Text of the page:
Most women learn to assess their cycle through personal observation of non-hormonal changes, over time, using their eyes, their instinct, and a calendar.  As ovulation approaches cervical mucus increases. Some women experience a pain on one side of the abdomen (mittelschmerz, German for middle pain) as the egg is released. But these signals can be subjective, variable, and inherently difficult to quantify.

The traditional ‘scientific’ at-home fertility measure has been basal body temperature (BBT).  As women move through their standard 28 day cycle their temperature spikes as they begin to ovulate.  But temperature can be affected by illness or exertion.

New research points to fluctuations in heart rate and sleep as additional measures of fertility — both of which can be calculated at home with wearable tech.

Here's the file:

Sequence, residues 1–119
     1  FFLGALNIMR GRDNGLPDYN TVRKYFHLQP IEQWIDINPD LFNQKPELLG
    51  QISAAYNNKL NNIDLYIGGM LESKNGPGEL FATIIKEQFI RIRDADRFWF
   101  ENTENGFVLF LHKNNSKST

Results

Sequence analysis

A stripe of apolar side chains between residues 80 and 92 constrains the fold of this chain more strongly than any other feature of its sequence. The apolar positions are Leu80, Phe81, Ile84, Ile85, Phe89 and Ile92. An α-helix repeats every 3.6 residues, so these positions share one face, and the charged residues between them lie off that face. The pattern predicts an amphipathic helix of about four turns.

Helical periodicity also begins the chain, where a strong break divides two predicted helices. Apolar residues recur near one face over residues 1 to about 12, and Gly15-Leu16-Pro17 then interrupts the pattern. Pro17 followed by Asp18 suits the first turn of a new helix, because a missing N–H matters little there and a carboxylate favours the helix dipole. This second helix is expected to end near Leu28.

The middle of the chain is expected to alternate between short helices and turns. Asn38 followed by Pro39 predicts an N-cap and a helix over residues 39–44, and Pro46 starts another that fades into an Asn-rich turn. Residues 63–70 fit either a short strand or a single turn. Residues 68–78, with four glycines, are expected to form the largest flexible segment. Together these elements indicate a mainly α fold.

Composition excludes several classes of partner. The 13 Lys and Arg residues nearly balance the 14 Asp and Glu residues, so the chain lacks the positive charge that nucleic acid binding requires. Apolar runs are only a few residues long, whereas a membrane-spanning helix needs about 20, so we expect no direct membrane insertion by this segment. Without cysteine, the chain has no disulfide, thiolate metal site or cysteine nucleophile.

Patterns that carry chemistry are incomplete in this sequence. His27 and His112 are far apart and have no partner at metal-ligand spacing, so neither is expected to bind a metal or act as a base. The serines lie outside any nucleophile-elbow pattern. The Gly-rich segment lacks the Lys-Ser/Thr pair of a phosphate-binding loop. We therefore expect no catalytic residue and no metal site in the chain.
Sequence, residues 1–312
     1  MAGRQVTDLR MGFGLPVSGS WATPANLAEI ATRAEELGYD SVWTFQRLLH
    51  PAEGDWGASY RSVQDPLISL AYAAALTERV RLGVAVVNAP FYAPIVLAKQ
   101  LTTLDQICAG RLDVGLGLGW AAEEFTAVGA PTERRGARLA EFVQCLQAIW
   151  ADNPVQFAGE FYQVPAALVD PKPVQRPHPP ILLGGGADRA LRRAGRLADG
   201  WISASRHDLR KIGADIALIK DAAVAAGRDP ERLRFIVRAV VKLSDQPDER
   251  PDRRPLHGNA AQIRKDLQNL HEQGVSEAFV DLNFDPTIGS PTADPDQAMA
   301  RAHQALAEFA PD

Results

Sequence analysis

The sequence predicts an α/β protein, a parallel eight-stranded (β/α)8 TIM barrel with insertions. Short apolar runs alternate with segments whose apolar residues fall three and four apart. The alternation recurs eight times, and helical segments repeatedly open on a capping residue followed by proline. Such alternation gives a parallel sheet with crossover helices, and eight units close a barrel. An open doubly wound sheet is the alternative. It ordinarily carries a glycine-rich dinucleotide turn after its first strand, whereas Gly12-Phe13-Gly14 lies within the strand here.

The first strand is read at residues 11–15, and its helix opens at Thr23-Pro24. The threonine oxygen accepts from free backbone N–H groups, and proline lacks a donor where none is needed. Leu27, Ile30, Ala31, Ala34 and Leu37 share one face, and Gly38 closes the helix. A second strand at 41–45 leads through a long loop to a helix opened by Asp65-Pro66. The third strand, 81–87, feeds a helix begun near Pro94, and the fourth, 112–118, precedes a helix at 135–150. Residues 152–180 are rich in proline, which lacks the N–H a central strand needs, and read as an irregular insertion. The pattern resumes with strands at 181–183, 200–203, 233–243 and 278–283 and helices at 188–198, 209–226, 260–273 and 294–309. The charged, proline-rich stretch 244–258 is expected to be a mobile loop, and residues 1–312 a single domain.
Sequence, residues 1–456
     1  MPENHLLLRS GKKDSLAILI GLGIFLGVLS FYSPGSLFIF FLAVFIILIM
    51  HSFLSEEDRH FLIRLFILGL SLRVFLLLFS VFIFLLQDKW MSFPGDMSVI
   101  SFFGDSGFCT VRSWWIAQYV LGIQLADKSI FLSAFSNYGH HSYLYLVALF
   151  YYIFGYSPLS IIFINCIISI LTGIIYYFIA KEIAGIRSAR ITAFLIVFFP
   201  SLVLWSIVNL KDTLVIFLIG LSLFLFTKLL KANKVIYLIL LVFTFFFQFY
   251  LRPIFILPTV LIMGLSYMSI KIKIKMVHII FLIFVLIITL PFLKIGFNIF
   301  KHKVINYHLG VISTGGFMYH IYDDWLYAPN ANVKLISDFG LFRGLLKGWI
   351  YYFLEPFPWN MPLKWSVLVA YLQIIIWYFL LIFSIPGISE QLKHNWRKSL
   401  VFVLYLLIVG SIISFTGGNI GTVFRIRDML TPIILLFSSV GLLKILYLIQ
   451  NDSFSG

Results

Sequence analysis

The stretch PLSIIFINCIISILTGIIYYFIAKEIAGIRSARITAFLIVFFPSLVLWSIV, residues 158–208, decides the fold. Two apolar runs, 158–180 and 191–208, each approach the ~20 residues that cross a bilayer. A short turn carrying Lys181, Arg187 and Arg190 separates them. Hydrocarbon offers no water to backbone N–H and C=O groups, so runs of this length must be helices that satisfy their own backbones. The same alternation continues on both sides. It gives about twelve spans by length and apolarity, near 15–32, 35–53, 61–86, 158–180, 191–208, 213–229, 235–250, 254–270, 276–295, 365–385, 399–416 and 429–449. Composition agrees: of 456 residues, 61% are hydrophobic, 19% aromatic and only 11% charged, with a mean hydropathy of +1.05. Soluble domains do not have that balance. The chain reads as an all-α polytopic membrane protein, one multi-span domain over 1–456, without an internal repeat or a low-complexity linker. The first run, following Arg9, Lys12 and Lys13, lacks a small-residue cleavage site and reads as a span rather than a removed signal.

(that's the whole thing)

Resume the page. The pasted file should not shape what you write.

Changes in estrogen and progesterone levels impact the cardiovascular system: there is a considerable uptick in pulse rate during ovulation. This change in heart rate as a predictor of fertility holds true even for women with irregular, highly variable cycles—a group that can especially benefit, given historical difficulties in measuring their fertility with standard means.  Wearable tech has now sophisticated the assessment of these other changes that help mark ovulation.

What about sleep?

Circadian rhythms impact menstruation, and menstruation affects our circadian rhythms.  Disruptions in sleep and circadian rhythms has been linked to decreased fertility and compromised health. Scientific studies are underway to research whether enhanced sleep can improve outcomes in women undergoing in vitro fertilization and on how stress and sleep disturbances might impact fertility. But there is no question that a good night’s sleep fosters health.

Beyond sperm count